Thursday, April 19, 2012

Metro North Community Garden: Do We Love Where We Live?

Ron Pauline, Metro North CG
Community organizers and community gardens alike struggle with some of the same issues: not enough involvement in the community. If you talk with Ron Pauline, one of the founders of the Metro North Community Garden, you get the perspective of experience.  "We don't love where we live," cites Mr. Pauline as a primary factor in the erosion of our neighborhoods and communities.

An interesting perspective. Do we love where we live? And how do we express that love? Are we simply driving into and out of our neighborhoods at the end of the day? Do we talk to our neighbors? Are they friends, acquaintances, or strangers? Does my attachment to place extend beyond my front door? My front yard?

If you see the Metro North Community Garden, it's obvious that someone loves it. It is immaculate. It is verdant. It is well planted, well thought out and well maintained. Each bed has a water spigot. The large mature camphor tree on the front of the property has been carefully pruned to allow sun to reach the garden.  Someone has spent a lot of time, money, and thought on building this garden.

But this garden faces the same challenge as so many gardens in our area. Inconsistency in participation. In so many of our area gardens, there are a few heroes who are doing the majority of the work and many who are relying upon "someone else will do it". But, this garden is loved.

Stephen Covey, author of the best-selling book The Seven Habits of Highly Effective People, makes the point that LOVE is a verb. He continues to state that LOVE, the feeling, is a product of LOVE, the verb. That it is Hollywood that has promoted the importance of LOVE, the feeling, above and beyond acts of love.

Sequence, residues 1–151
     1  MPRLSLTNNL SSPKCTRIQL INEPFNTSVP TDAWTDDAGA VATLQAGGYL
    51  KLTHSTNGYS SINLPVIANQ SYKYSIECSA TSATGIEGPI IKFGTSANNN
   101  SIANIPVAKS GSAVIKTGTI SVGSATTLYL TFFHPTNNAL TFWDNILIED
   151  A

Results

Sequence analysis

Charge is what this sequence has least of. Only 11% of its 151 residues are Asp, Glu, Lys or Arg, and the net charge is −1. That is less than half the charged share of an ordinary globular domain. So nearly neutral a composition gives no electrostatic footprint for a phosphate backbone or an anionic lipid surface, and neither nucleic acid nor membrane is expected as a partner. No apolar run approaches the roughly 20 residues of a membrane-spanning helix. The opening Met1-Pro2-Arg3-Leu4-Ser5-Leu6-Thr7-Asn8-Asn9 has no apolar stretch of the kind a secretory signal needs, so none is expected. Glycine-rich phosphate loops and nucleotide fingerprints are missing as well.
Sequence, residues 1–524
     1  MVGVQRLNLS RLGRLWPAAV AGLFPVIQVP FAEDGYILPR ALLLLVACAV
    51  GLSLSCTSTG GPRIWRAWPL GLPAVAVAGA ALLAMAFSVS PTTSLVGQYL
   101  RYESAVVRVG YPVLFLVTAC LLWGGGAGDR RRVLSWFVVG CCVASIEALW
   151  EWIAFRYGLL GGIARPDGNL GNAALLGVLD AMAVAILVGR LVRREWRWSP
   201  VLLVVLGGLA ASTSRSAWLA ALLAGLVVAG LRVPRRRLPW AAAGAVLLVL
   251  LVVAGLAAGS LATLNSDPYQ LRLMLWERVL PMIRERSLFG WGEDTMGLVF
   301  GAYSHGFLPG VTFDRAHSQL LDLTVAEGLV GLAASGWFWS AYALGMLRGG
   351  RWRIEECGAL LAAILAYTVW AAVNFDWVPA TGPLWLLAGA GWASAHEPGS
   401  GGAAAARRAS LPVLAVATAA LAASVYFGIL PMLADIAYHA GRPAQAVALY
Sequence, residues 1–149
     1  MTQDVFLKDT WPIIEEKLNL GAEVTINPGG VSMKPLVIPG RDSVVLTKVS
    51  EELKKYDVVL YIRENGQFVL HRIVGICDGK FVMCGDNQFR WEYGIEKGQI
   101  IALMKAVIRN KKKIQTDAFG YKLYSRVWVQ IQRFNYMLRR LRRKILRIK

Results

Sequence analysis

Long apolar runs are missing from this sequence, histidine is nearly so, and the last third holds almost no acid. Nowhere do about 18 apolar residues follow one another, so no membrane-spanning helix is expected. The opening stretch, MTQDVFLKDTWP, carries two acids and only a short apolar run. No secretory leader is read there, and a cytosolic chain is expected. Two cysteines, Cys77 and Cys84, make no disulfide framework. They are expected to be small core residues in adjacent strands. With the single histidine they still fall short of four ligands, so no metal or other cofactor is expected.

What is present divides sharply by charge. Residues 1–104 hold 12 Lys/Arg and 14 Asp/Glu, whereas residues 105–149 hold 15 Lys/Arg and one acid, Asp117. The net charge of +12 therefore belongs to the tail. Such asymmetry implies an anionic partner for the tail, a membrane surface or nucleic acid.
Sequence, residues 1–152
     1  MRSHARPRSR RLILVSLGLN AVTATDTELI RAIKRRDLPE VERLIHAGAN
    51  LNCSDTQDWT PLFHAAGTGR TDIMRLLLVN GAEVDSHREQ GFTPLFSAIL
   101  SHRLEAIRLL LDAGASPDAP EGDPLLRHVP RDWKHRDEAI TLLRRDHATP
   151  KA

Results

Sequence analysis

So what do you do when you don't feel LOVE? You LOVE - you actively engage in demonstrating LOVE and the feeling will be the byproduct. This applies to all aspects of our lives. Our personal relationships - and even our communities? How are we expressing our love of our communities? And if we aren't doing anything, do we really love them?

Okay, it sounds dramatic. But lack of involvement in our gardens and in our communities is an issue. A big issue. And it's no secret.

As new gardens are proposed, part of the process becomes establishing to the "powers that be", whether grantors or property owners or the city, that the involvement in the project will be ongoing and will sustain the garden over time.  In other words, is there a community to support the project? And HOW are the project organizers going to ensure that? Existing gardens ask themselves the same question on a regular basis.

So what's the solution?  Michelle Simkulet of JCCI (Jacksonville Community Council Inc.) was on point when I called her in a quandry at the end of the previous paragraph.  Luckily, JCCI has just completed a 7 week study of the Slow Food Movement and had the following input:
  • Keep in mind the following components:  Organizational (businesses that are close to you), individuals (your neighbors - and not just the gardeners) and fixed institutions (such as schools - unlike businesses which may leave your area, fixed institutions will be there indefinitely). These are all stakeholders in your garden or project. You need make sure they are/become/stay involved. DIVERSIFY.